Water Level Adjustment

Even a new toilet needs its water level adjusted within 30 days of toilet installation. That is because there are rubber diaphragms in most all ballcock (see “Toilet Parts” below) mechanisms and those diaphragms stretch like a rubber band. Also, an increase in water pressure (usually in early morning hours) can cause the water level inside the tank to rise. For example, a 15 to 20 pound pressure increase can cause the water level in your tank to rise by up to 1/2- inch, and it is not uncommon for your water pressure to rise that much during the very early morning hours.

Lower Your Water Level

To lower the water level in your tank, find the adjusting screw on the top of your fill valve. A screwdriver (or even a dime) will be all you need to turn the screw. If you want to lower the level, turn the screw clockwise on those ballcock-type mechanisms with floats hanging off the end of metal rods or plastic arms. If your fill valve has the float sliding up and down the barrel or shaft, then you will need to lower the stiff wire-like link using the "V" shaped clip. With either type, it might take you several tries to get the water to the level recommended by the manufacturer. On some toilets, the water level is shown as a line inscribed in the porcelain, others will have the line indicated on the overflow tube. If you are unable to find a water level mark then a good rule of thumb is to adjust the level to 1-inch below the top of the overflow tube and then check the level every 3 months.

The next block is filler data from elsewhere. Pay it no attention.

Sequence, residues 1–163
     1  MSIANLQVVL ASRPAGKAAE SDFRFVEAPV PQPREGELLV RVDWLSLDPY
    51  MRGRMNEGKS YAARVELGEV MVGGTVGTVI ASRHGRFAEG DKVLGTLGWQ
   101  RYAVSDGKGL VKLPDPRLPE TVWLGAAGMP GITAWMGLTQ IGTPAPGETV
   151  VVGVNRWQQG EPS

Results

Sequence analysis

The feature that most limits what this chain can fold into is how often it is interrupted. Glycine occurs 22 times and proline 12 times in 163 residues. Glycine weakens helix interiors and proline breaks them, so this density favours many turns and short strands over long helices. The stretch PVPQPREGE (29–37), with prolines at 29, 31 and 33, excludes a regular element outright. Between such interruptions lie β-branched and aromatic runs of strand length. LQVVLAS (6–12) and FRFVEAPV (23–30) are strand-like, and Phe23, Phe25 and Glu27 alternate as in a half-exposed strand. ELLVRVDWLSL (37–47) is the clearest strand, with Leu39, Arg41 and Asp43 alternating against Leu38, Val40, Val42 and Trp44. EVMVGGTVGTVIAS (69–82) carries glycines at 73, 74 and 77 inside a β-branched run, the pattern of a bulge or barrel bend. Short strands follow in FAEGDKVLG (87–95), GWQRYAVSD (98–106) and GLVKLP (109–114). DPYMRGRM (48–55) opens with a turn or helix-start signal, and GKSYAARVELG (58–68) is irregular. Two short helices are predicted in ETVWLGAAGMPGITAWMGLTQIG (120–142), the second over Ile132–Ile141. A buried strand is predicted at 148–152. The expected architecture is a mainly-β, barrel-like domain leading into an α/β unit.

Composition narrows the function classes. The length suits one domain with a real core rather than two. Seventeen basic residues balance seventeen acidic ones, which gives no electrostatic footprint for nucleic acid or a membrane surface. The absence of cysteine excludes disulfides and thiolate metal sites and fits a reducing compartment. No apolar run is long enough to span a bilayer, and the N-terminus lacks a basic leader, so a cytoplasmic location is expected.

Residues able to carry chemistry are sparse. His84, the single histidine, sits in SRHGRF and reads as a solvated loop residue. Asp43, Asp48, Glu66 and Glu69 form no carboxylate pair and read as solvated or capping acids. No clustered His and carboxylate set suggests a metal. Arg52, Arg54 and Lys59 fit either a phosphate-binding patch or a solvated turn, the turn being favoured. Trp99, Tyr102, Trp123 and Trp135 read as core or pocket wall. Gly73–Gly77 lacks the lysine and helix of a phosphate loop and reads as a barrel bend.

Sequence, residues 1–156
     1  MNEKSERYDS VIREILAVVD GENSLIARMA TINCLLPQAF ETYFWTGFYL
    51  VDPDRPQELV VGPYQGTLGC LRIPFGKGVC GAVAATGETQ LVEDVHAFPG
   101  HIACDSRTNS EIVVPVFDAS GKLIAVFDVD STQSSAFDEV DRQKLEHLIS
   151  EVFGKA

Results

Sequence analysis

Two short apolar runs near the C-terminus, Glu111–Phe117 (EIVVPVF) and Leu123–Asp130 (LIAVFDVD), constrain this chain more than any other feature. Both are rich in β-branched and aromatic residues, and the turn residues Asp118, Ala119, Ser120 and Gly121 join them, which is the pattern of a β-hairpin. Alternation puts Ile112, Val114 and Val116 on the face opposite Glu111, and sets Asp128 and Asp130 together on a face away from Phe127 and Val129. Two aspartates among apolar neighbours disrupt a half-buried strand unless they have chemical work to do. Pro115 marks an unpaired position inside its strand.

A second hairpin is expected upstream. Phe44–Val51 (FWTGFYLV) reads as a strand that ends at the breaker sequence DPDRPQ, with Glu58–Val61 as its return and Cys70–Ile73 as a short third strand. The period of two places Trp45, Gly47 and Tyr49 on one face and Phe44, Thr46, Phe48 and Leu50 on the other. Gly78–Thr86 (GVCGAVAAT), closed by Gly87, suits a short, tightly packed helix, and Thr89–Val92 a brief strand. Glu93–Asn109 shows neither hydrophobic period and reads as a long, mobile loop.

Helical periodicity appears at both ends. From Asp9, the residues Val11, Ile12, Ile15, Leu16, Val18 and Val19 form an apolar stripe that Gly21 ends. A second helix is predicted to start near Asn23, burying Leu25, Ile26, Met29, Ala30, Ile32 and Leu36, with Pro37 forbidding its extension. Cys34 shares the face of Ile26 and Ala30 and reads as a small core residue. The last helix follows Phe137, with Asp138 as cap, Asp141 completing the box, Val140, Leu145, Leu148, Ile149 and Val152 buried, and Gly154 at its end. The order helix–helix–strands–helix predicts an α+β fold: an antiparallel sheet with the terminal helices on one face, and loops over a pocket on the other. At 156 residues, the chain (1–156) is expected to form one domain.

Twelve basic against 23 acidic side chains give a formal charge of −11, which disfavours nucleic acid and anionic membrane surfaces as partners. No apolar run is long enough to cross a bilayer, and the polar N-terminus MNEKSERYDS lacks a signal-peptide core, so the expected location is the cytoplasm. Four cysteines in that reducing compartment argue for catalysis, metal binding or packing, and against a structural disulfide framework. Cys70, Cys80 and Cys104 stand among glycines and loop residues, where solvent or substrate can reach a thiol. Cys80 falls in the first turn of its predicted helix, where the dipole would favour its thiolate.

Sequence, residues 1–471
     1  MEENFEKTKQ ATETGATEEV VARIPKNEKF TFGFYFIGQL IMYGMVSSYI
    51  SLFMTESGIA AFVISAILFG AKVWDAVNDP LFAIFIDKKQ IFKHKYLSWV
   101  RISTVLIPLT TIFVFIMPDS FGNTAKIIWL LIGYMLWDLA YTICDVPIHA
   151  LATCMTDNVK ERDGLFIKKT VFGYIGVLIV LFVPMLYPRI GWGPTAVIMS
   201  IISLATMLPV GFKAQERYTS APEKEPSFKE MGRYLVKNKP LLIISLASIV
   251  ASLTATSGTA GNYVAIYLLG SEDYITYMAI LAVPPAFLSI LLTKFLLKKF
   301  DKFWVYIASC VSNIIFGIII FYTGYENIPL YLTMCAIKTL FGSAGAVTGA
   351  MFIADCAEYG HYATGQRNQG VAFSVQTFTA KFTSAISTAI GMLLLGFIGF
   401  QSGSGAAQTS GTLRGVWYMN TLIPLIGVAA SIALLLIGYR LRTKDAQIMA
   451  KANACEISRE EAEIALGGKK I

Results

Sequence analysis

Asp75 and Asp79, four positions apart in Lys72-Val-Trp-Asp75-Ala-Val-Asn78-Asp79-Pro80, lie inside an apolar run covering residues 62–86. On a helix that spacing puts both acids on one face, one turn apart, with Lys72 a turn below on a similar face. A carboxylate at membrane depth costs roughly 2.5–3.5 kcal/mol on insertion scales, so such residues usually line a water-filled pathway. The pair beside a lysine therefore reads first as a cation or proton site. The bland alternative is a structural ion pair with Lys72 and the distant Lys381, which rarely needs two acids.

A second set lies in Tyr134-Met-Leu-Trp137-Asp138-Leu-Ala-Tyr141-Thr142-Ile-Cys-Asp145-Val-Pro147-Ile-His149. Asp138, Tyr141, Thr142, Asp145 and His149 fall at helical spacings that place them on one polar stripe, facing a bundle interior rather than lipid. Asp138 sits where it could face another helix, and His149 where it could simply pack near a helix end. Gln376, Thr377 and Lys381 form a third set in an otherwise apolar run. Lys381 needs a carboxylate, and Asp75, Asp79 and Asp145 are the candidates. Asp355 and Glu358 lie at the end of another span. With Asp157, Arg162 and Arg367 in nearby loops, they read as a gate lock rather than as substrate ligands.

Faulty Ballcock Diaphragm
In isolated cases the water will creep up on the overflow tube even though the adjustment is correct. If you find water is escaping through the overflow tube, your ballcock diaphragm is likely the culprit. If you value your time, you are probably better off to replace the entire fill valve, instead of replacing just the diaphragm. The replacement of the fill valve is relatively simple. Turn the water off at the shut-off / supply valve, remove the supply line from the fill valve, remove the flange nut on the underside of the tank that anchors the fill valve, disconnect the refill tube and pull out the old valve. It's probably a good idea to take the old valve to the hardware store and once there, check with their resident plumbing specialist regarding the best choice. There are now replacement fill valves available that are a great improvement over the old dinosaur you have with you. Install your new model following the manufacturer's instructions.